ART IN THE GARDEN
Located in the Visitor & Administration Building, Queens Botanical Garden’s art gallery presents four exhibitions per year, featuring a variety of media created by local artists.
APRIL THROUGH OCTOBER
Tuesdays through Sundays, 8am to 5pm
Free with Admission
NOVEMBER THROUGH MARCH
Tuesday through Sundays, 8am to 4pm
HOPE | Laura Fantini
January 9 through April 29, 2018
In HOPE Laura Fantini’s intricately detailed pencil drawings of seeds, which she has collected throughout NYC and Italy, explore the fundamental power of seeds, new beginnings, and growth.
Events related to HOPE will be announced this coming Spring 2018.
Borderlines | Shahryar Shahamat
September 29 thru December 31
Through his paintings in Borderlines, artist Shahryar Shahamat shares his experience—boundaries and challenges—as a resident of New York City for the past seven years.
和 花 園 坐 著
HÉ HUĀ YUÁN ZUÒ ZHE
SITTING WITH THE GARDEN | Che Min Hsiao
June 30 through September 24, 2017
Sitting with the Garden is a collection of site-specific watercolor paintings by Che Min Hsiao, a Taiwanese painter based in Queens. Viewers will experience the beauty of Queens Botanical Garden filtered through the artist’s memories of nature in Taiwan.
This project is made possible (in part) by the Queens Council on the Arts with public funds from the New York City Department of Cultural Affairs in partnership with the City Council.
The Structure of Nature | Zimer
March 10 through June 18, 2017
Zimer learned the art of graffiti from the underground walls of Queens, New York. After developing his personal aesthetic, he increasingly adopted fine art principles into his paintings. The intertwined influences of Graffiti and Art History on his style have transcended it beyond traditional classification.
The Structure of Nature exhibited over a dozen paintings and a site-specific mural that fuse his modern, graffiti-style paint application with QBG’s LEED™ Platinum Certified Building through traditional still life and landscape subject matter.
In addition to exhibiting in galleries and creating murals, Zimer received his BA in architecture. His studio practice has included sculpture, fashion, furniture, animation and graphic design. Zimer has painted murals all over the world including: The New York Auto Show, Comic Con, The World Trade Center, Philadelphia Tattoo Convention, London’s South Bank, and the Northside Arts Festival.
EAST OF EAST RIVER | VIKRAM DOGRA
NOVEMBER 22, 2016 THROUGH FEBRUARY 26, 2017
Queens based photographer, Vikram Dogra has lived in Astoria since 2000. He arrived as an immigrant from India in 1982 and has lived in West Virginia, North Carolina and Washington, DC. In the cradle of the multicultural landscape of Queens he found a place to love and belong. East of East River began as a photo series recording the unique makeup of both landscape and the people of Astoria and Long Island City and, eventually became a self-published photography book in 2015. These photographs capture a changing landscape of the neighborhoods from 2004-2015. The photographs combining street and fine-arts photography offer a unique and historical portrait of the ever changing neighborhoods.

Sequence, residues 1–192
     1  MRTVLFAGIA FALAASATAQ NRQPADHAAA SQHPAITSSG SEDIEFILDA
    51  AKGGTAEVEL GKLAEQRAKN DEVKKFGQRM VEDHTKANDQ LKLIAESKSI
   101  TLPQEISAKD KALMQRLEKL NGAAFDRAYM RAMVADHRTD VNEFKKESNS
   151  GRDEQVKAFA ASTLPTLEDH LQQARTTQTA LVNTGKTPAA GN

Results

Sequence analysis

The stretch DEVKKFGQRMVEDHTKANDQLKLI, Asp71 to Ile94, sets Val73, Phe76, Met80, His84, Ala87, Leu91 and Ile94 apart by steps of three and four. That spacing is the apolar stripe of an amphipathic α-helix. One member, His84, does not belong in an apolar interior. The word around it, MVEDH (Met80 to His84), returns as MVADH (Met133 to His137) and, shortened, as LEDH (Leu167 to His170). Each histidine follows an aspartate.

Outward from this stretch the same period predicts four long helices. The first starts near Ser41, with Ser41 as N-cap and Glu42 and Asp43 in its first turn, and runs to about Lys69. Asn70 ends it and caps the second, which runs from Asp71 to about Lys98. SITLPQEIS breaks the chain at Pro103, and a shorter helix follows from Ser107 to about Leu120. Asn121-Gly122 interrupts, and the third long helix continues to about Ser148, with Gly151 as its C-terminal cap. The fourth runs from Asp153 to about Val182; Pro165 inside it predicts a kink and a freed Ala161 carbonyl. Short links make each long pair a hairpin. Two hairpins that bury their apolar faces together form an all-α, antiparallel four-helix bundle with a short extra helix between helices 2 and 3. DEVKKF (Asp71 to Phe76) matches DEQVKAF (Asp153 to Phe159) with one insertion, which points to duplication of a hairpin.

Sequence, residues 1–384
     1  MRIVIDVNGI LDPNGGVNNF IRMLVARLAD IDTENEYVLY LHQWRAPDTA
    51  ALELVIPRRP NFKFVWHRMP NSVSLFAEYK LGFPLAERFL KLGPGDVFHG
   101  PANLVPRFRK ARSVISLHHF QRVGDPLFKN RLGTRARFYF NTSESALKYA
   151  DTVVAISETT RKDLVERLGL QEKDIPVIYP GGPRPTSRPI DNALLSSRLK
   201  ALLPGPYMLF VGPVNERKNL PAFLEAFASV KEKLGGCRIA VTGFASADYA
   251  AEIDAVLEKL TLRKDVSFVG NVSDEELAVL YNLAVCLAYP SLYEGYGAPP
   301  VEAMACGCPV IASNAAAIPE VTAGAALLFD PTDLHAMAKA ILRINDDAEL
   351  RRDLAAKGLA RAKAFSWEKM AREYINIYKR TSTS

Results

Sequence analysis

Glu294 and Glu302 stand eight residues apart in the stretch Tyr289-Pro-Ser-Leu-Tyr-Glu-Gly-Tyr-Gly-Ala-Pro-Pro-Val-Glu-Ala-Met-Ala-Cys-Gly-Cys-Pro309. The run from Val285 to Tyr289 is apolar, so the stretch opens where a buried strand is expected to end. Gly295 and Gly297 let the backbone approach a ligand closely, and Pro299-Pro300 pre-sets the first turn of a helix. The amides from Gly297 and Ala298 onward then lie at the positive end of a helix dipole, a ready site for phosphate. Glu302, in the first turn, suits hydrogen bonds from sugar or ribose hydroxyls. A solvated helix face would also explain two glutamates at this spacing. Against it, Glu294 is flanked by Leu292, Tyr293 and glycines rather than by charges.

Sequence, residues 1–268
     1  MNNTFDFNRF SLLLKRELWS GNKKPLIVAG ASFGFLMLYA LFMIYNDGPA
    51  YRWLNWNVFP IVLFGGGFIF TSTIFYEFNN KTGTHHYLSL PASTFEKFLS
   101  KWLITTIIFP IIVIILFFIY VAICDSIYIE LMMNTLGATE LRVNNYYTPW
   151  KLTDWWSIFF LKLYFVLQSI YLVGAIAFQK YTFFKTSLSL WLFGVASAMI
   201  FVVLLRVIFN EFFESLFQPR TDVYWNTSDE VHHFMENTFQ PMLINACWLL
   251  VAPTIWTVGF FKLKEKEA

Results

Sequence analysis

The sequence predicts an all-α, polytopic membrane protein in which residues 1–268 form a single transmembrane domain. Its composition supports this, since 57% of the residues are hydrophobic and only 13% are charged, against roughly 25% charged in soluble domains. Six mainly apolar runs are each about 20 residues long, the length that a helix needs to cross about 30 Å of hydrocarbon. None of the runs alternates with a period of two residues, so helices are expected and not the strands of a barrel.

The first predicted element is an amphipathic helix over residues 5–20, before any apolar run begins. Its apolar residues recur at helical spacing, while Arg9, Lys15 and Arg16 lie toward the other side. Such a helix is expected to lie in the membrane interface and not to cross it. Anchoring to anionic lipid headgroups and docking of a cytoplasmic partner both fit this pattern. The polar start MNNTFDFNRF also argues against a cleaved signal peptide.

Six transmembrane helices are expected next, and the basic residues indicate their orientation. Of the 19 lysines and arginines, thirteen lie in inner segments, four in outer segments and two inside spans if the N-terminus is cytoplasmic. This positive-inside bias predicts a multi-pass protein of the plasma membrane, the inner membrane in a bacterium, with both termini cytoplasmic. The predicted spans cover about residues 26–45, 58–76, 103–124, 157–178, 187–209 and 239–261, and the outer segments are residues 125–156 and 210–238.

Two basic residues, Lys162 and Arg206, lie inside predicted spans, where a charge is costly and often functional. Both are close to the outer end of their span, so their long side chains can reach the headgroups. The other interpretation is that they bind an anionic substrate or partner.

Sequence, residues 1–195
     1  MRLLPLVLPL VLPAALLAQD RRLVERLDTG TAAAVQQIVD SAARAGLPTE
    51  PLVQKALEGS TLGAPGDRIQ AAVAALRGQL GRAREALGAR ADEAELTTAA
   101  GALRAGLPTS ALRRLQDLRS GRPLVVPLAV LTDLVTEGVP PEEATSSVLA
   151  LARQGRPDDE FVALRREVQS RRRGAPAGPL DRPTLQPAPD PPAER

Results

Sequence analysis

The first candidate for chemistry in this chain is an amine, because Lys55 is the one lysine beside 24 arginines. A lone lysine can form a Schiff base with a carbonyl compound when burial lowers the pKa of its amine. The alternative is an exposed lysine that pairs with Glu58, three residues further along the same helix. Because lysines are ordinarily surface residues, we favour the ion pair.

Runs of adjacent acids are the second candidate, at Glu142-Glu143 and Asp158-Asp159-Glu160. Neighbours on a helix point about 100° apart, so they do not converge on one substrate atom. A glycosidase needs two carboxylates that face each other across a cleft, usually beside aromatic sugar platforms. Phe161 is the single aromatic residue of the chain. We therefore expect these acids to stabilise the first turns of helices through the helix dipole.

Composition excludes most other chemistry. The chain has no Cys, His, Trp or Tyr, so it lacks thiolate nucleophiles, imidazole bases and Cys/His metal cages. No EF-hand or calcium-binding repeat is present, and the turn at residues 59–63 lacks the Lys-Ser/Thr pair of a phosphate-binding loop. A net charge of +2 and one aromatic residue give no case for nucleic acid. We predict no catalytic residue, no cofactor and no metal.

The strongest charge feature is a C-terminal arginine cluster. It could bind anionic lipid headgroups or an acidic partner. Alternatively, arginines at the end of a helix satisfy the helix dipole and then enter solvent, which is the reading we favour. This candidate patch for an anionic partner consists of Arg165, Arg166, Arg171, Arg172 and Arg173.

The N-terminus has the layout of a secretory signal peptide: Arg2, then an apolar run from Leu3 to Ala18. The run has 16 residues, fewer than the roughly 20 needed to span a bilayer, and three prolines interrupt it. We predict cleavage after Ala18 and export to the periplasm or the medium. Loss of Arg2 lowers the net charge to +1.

FANTASÍAS Y CARNAVALES | MANUEL MACARRULLA
AUGUST 9 THROUGH NOVEMBER 13, 2016
Artist Manuel Macarrulla exhibits hand-crafted masks, drawings, and paintings inspired by carnivals and fantasies that incorporate nature and animal imagery, as well as his Dominican heritage.
As a younger painter, I discovered my native Dominican Republic and the fantasy of the Dominican carnival as a subject. This was a natural part of my growth process, the arrival at images of self identity. As I continued to develop, I found that my love of the magic realism of such great Latino writers as Gabriel García Márquez also entered my imagery. These aspects of my work have remained constant. I continue to sheathe my other worldly spectacles in realism. These days, I continue to look back to my beginnings for subject matter, but also find that cosmopolitan New York City continually offers the cultural expression I seek. The Spanish language and the natives of all of Latin America are everywhere. The office where I work is two short blocks from Eastern Parkway, where every September first, I wander on a lunch time stroll through the thick of the great cultural hurricane that is the West Indian carnival. There’s a subject! Of course, all of this is not simply intellectual. I choose this subject matter the same way you reach for the plate of curried goat, or a mango, because you like the flavor. Although, let’s recognize, this choice will have great resonance as a taste determined by your culture. The flavor, the fragrance, the texture, never fails to bring back a sense of home. The rhythm of the merengue, the hot Caribbean sun, and the lilting intonations of the country people I knew as a child stir in the recesses of my heart with every bite.
SANCTUARIES | TATIANA AROCHA
MAY 3 THROUGH AUGUST 7, 2016
Visual artist Tatiana Arocha’s SANCTUARIES is a series of large-scale, intricately-layered reinventions of natural Colombian landscape, hand-constructed on digital canvases, printed, and arrayed into immersive murals. Both refuge and warning, SANCTUARIES uses a combination of natural specimens, human artifacts, and modern technologies to evoke a rainforest that is as lush as it is imperiled.
Tatiana Arocha is a visual artist from Bogotá, Colombia based in Brooklyn, NY. A graphic designer by training, Arocha’s work spans illustration, motion graphics, live action production, curating, education design, site-specific art, product design, and publishing. She combines passion for storytelling with attention to detail, a fearless work ethic, and refined sense of style developed over years working in design.
Today Arocha is focused on SANCTUARIES, a series of wall-scale intricately-layered reinventions of the natural Colombian landscape, hand-constructed on wall-sized digital canvases, printed, and arrayed into immersive murals.